Gulf of Lion

The Gulf of Lion (French: golfe du Lion, Spanish: golfo de León, Italian: Golfo del Leone, Occitan: golf del/dau Leon, Catalan: golf del Lleó, Medieval Latin: sinus Leonis, mare Leonis, Classical Latin: sinus Gallicus) is a wide embayment of the Mediterranean coastline of Languedoc-Roussillon and Provence in France, reaching from the border with Catalonia in the west to Toulon.

The chief port on the gulf is Marseille. Toulon is another important port. The fishing industry in the gulf is based on hake (Merluccius merluccius), being bottom-trawled, long-lined and gill-netted and currently declining from over-fishing.

Rivers that empty into the gulf include the Tech, Têt, Aude, Orb, Hérault, Vidourle, and the Rhône.

The continental shelf is exposed here as a wide coastal plain, and the offshore terrain slopes rapidly to the Mediterranean's abyssal plain. Much of the coastline is composed of lagoons and salt marsh.

This is the area of the cold, blustery winds called the Mistral and the Tramontane.


The current name of the gulf appeared at least during the 13th century (in medieval Latin sinus Leonis, mare Leonis) and could come from comparison with a lion: it would simply suggest that this part of the sea is as dangerous as a lion because it has very violent, surprising winds that threaten boats (sailors and fishermen know these dangers very well[1]). This comparison with a lion is suggested by various converging sources: Deroy and Mulon's dictionary of French place names,[2] Mistral's comprehensive Occitan dictionary,[3] Diderot and D'Alembert's famous French encyclopedia[4] and several texts in Latin since the 13th century.[5][6]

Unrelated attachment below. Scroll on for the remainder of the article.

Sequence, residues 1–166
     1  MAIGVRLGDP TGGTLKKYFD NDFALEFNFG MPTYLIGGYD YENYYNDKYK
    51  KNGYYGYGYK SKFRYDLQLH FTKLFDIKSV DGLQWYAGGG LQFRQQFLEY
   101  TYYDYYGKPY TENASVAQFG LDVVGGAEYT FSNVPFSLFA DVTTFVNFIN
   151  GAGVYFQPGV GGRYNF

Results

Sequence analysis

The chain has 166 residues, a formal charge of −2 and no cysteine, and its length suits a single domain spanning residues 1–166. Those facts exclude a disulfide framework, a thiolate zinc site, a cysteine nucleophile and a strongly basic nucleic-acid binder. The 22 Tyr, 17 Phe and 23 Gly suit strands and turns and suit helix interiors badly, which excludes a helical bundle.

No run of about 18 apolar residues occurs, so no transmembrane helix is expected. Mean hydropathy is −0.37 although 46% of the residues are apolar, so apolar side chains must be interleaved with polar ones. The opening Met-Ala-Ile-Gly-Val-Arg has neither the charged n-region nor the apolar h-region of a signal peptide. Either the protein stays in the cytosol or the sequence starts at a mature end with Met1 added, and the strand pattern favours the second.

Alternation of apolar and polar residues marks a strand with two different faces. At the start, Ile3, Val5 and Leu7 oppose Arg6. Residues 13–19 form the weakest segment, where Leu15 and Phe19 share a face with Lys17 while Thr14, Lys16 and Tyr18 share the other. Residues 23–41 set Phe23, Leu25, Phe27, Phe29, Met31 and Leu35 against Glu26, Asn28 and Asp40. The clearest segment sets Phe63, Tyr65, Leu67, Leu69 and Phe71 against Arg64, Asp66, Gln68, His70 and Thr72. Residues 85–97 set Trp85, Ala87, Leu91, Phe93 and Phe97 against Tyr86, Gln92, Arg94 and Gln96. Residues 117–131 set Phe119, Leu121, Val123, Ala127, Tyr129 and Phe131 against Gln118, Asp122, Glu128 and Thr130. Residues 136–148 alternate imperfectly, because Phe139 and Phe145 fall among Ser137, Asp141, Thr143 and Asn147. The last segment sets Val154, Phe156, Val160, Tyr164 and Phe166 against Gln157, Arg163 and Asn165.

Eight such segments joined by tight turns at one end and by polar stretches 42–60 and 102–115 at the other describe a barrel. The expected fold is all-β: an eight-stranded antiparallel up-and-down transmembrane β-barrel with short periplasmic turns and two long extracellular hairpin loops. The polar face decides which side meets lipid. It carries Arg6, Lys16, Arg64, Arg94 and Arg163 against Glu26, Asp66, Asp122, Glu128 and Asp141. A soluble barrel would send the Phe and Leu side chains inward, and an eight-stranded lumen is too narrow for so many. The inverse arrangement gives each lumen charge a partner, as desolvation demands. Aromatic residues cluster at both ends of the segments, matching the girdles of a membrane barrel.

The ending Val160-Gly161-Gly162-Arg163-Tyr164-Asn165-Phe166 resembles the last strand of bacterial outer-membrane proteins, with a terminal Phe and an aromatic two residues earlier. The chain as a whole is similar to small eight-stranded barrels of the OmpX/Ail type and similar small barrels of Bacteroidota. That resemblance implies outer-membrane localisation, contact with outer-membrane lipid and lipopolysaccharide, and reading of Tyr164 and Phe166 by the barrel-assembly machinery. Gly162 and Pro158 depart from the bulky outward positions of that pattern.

These sources, especially Deroy and Mulon, Diderot and D'Alembert, reject the hypothesis according to which the name would be related to the city of Lyon, since it is too far from the gulf.

A former name in classical Latin during Roman antiquity was sinus Gallicus (that is, "Gaulish gulf").


The Gulf of Lion is not a simple passive continental margin; it results from Oligocene-Miocene anti-clockwise rotation of the Corsican-Sardinian Block against the European Craton. This extension rejuvenated a very complex tectonic framework inherited from the Tethyan evolution and the Pyrenean orogeny. The Eocene mountain-building event that built the Pyrenees compressed and thickened the entire crust. Oil geologists predict that there will be considerable oil deposits at the seaward margins of the gulf.

Ocean dynamics

The gulf's bottom topography, the Mistral, extended cold weather, and evaporation combine to create a sinking of surface waters which forms the Levantine Intermediate Water of the Mediterranean Sea.[7]

Marine ecology

The Gulf of Lion is notable, according to C. Michael Hogan, for occurrences of biodiversity associated with the reef building organism Lophelia pertusa.[8]


  1. Louis Michel, 1964, La langue des pêcheurs du golfe du Lion, Paris: D'Artrey
  2. Louis Deroy, & Marianne Mulon, 1994, Dictionnaire des noms de lieux, Paris: Le Robert
  3. Frederic Mistral, 1878-1886 (1979), Lou Tresor dóu Felibrige ou dictionnaire provençal-français, Aix-en-Provence: Edisud, see. articles gou (golf, 'gulf') and lioun (leon, 'lion').
  4. (in French)Encyclopédie ou dictionnaire raisonné des sciences, des arts et des métiers Archived 2011-06-08 at the Wayback Machine
  5. (in French)Supplément à l'Encyclopédie, Sinus Gallicus
  6. (in French)Mémoires pour l'histoire naturelle de la province de Languedoc
  7. Wunsch, Carl. (2015). Modern Observational Physical Oceanography: Understanding the Global Ocean. Princeton, NJ: Princeton University Press. pp. 271-274. ISBN 978-0-691-15882-2.
  8. C. Michael Hogan. 2011. Alboran Sea. eds. P. Saundry & C. J. Cleveland. Encyclopedia of Earth. National Council for Science and the Environment. Washington DC

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